Of course, sometimes the formula doesn’t work in the film’s favor. Its sterile, overproduced look—which is typical in Christmas flicks (especially of the Hallmark variety)—detracts from its pleasant, human atmosphere. When we first meet a group of people in the Scottish inn Sophie first sets up camp at, the scene is distractingly bright; it looks like someone forgot to dim a fully boosted LED light. This harshens the film’s fantasy of a cozy, glowing Christmas, as does the pristine interior of the castle, which looks just a little too much like a set. For the most part, the shots are framed in a similarly clean and sterile way. This is especially frustrating because the film wasn’t actually shot on a set, but on location in and around Barnbougle Castle in South Queensferry, Scotland. Still, there are many times where the choice to shoot on location proves to be an inspired one: When Sophie ventures outside the landscape shots are often truly exquisite, with sweeping aerial shots that show the immensity of Scotland, and images of crumbling castles that embed us in the country’s history. These almost make us feel like we’ve made the journey right alongside Sophie. (The genuine Scottish actors help with this, too.)

And then there are moments when A Castle for Christmas totally defies expectations. It’s pretty rare to see a love story that revolves around a couple over 50—especially when their age isn’t used as some sort of plot device. It’s totally refreshing, but never draws attention to itself. Sophie’s friends also defy rom-com expectations: These films will more often than not give you a quirky bestie, but the woman that Sophie connects with, Maisie (Andi Osho) doesn’t simply exist as a foil for our protagonist. She doesn’t try to convince Sophie to be with Myles at all costs. Instead, she is smart and thoughtful. She even has a love story of her own, which seems to have been conceived for the purpose of simply being interesting in and of itself.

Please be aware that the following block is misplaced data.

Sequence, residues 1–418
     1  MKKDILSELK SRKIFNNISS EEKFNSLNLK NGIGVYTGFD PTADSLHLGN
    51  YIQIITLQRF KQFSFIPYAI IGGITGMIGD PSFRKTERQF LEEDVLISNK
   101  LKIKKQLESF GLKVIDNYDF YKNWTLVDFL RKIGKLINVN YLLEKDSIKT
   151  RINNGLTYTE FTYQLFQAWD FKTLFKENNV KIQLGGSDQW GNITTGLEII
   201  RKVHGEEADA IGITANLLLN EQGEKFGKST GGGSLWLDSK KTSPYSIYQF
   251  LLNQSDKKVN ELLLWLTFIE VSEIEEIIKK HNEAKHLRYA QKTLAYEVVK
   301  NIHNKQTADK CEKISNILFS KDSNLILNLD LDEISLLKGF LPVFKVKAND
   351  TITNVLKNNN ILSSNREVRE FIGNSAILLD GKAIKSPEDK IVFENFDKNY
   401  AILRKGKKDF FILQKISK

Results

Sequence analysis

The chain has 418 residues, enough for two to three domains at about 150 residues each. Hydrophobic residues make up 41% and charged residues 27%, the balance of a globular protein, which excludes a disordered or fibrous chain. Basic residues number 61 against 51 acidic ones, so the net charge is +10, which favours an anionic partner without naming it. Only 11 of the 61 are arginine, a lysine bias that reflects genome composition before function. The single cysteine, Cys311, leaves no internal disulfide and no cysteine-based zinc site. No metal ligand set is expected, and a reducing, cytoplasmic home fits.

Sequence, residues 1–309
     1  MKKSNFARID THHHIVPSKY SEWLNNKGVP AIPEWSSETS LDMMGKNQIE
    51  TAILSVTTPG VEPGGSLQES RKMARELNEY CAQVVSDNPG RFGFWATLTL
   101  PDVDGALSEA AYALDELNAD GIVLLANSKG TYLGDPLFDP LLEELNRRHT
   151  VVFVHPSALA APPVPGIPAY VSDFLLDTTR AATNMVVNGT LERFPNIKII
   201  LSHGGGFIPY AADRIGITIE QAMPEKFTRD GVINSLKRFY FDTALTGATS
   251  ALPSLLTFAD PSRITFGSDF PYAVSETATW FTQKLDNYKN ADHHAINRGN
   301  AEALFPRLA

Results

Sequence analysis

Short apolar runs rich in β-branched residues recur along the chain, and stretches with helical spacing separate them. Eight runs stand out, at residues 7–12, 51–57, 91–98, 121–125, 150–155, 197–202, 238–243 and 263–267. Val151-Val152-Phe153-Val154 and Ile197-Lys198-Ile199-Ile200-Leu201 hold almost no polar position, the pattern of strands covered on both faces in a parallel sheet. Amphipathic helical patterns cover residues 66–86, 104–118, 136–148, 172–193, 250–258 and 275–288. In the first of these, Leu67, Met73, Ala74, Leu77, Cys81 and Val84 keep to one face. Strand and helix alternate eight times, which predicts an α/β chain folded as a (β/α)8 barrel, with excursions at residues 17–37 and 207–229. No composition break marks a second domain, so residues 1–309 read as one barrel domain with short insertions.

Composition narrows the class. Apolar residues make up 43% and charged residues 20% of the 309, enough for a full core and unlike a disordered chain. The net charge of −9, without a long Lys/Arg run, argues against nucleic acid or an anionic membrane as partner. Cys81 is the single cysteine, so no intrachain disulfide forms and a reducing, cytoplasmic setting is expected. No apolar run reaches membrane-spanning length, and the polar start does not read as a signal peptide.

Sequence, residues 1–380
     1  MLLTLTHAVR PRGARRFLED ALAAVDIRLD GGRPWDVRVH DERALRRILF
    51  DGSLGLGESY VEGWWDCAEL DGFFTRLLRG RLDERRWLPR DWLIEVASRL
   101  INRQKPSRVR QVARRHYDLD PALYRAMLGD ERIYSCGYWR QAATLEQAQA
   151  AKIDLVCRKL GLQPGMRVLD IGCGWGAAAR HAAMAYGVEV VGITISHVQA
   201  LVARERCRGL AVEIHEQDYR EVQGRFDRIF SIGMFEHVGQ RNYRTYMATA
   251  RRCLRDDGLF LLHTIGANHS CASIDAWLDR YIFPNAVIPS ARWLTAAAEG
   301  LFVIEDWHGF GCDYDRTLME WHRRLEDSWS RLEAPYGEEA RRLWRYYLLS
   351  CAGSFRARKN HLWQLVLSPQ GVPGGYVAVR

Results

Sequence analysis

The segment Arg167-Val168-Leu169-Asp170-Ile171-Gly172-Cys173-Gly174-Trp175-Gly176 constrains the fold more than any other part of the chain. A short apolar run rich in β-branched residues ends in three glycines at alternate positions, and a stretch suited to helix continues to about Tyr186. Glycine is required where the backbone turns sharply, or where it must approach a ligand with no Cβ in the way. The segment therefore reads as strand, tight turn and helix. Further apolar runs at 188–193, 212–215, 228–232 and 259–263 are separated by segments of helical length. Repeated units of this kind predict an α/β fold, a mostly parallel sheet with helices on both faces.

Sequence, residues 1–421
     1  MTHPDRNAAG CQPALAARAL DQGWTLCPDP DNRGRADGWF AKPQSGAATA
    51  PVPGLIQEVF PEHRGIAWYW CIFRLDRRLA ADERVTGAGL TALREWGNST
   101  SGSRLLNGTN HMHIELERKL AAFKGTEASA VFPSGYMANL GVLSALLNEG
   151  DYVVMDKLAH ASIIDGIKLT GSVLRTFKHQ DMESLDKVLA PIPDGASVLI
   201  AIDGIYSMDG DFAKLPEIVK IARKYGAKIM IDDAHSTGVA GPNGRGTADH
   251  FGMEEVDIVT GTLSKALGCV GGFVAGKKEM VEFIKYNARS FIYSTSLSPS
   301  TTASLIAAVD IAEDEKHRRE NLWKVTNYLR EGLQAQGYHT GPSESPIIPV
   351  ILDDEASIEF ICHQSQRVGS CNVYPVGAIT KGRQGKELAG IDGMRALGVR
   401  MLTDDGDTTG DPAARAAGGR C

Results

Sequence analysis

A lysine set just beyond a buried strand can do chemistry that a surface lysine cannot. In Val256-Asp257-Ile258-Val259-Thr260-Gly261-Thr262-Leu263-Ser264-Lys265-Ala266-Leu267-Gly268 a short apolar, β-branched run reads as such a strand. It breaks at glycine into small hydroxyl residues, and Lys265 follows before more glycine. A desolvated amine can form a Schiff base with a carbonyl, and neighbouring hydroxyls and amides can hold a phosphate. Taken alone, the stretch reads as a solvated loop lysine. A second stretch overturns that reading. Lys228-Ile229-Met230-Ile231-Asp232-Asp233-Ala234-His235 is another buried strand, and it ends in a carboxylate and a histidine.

In its unapologetic leaning into tropes, stellar casting, idyllic locations and occasional venturing off of the beaten path, A Castle for Christmas does something totally underrated: It gives us exactly what we want this holiday season. Even the film’s own grinch—Myles—is able to find some joy in the occasion. I’d be surprised if that isn’t also the case for the film’s most cynical viewers.

Director: Mary Lambert
Writers: Kim Beyer-Johnson, Ally Carter, Neal H. Dobrofsky, Tippy Dobrofsky
Stars: Brooke Shields, Cary Elwes, Lee Ross, Andi Osho, Tina Gray, Eilidh Loan, Stephen Oswald
Release Date: November 26, 2021 (Netflix)

Aurora Amidon is a film journalist and passionate defender of Hostel: Part II. Follow her on Twitter for her latest questionable culture takes.